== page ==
And just as importantly, the new holes have made the course worthy of playing host to the Open Championship in 2019, which begins almost exactly a year from now (July 18-21). This is a big deal for not only Royal Portrush, but also for the one-time fishing village of Portrush and even all of Northern Ireland.
Golf’s oldest championship, also referred to as the British Open, hasn’t been played at Royal Portrush or, for that matter, in Northern Ireland since 1951. The Open has been staged every year since then at a Scottish or English course. (This year’s edition, the 147th, begins July 19 at Scotland’s Carnoustie, among the eight to 10 links that the Open returns to regularly.)
The golf course isn’t the only thing in town getting a makeover ahead of the 2019 Open. Up to £17-million ($30-million) of government money is being injected into Portrush to spruce it up. A new train station and renovated frontages on shops are among the improvements.
When I was there this past spring, the signs of preparation for the Open were everywhere (access roads were under construction on the course, Royal Portrush pro shop staff were opening and displaying boxes of Open-branded merchandise, and so on), and there was an overall buzz in the air, with locals inside and outside the golf industry sensing that their little northern corner of the Irish island is about to be thrust into the golf spotlight.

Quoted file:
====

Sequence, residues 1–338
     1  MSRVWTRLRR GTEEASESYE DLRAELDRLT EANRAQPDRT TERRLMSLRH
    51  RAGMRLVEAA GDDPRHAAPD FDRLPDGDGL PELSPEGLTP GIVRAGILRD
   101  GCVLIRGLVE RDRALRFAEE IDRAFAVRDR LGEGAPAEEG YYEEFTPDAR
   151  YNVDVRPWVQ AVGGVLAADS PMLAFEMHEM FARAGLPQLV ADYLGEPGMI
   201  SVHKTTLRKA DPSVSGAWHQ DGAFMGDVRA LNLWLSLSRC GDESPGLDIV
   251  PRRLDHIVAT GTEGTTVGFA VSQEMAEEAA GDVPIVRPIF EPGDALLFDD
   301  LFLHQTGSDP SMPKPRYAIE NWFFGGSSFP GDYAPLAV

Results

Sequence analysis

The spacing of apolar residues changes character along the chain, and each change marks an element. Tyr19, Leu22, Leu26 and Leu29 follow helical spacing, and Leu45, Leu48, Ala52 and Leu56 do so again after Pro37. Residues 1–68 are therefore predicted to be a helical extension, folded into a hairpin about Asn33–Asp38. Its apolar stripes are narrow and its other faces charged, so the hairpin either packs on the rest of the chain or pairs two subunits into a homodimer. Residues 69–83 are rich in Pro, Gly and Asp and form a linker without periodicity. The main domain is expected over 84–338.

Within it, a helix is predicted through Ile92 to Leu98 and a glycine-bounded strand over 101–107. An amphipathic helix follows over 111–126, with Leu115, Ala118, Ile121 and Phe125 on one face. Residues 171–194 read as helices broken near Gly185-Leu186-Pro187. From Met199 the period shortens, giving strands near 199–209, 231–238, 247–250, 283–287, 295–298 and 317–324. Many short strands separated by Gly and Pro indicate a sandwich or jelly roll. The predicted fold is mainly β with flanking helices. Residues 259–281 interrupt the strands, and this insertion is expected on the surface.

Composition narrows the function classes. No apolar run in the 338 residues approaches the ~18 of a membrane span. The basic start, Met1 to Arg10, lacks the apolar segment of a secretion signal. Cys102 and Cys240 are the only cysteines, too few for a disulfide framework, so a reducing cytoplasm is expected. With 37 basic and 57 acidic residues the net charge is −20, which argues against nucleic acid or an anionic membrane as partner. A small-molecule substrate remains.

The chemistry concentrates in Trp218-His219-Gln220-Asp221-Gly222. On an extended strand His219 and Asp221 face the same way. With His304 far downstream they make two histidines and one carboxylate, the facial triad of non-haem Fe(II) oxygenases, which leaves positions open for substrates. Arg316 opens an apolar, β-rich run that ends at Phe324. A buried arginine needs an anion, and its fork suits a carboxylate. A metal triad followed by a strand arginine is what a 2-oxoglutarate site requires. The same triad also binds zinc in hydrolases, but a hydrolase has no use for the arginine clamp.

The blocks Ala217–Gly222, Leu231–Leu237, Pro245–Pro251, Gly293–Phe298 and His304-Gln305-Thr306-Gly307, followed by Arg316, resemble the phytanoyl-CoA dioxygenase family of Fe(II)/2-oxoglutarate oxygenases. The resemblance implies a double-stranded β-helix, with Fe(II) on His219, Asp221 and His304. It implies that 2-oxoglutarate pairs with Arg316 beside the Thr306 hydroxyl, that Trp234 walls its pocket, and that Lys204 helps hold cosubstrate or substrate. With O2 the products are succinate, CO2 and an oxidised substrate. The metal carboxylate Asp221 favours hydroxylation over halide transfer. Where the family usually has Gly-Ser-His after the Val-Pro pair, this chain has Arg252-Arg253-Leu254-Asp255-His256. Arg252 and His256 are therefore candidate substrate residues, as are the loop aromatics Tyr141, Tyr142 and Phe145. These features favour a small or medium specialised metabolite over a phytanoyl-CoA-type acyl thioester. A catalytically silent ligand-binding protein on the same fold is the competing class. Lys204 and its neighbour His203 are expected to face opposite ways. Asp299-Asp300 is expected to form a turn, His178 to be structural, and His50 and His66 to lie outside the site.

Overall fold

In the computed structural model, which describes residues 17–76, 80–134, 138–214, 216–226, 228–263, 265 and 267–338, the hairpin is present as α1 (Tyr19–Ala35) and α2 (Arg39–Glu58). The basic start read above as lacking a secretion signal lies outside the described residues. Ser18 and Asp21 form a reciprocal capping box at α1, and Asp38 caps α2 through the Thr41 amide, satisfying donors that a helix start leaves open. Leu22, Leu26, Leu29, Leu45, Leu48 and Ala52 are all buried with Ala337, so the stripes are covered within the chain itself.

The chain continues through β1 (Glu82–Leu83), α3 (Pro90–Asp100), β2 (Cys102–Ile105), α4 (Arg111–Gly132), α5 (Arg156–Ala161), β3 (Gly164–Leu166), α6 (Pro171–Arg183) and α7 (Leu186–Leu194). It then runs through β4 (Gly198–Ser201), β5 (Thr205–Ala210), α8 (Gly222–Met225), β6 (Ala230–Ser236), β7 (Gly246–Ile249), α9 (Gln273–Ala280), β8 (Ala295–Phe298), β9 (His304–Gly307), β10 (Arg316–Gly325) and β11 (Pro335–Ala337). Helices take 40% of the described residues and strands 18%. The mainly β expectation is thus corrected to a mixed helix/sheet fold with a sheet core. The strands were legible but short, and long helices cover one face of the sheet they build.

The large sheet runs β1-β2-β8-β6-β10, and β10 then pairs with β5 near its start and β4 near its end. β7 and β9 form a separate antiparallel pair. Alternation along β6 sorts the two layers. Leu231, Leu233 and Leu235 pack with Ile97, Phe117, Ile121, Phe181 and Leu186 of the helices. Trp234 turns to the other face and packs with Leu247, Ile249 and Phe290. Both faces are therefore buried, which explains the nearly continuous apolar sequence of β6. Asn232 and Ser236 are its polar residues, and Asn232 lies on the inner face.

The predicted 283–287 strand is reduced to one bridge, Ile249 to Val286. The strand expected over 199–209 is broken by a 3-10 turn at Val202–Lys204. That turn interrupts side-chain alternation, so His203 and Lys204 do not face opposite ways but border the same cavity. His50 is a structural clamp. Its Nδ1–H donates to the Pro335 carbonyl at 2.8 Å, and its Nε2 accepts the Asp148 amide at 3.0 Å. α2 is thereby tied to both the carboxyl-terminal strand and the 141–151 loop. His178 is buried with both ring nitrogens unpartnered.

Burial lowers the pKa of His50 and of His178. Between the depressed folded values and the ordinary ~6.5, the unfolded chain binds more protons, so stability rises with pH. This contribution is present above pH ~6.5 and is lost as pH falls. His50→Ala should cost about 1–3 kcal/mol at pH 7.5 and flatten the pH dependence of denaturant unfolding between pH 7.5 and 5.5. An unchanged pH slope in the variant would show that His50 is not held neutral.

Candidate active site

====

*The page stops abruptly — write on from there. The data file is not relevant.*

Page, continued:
Like Royal Portrush, the best courses in Northern Ireland are traditional links, located on sandy soil by the sea and set amid naturally forming dunes. With their firm fescue turf and the ever-present wind coming off the water, links require more imaginative shot-making and make golf as much a ground game as an air game. It’s a far different (and more authentic and fun) golf experience than I usually get on a North American course, and worth the effort to get there.
Flights: Ireland’s Aer Lingus and Air Canada are among airlines with direct flights to Dublin from Toronto. Landing in Belfast, Northern Ireland’s capital, is more of an effort, requiring connecting flights.
On the ground: Express buses to Belfast from Dublin Airport leave frequently. The commute is about two hours. It’s not the most luxurious mode of transportation, but it’s certainly the most efficient. Going by train requires a detour into Dublin first, while catching a connecting flight necessitates a layover. Renting a car is also an option, especially if multiple golf courses are on the itinerary.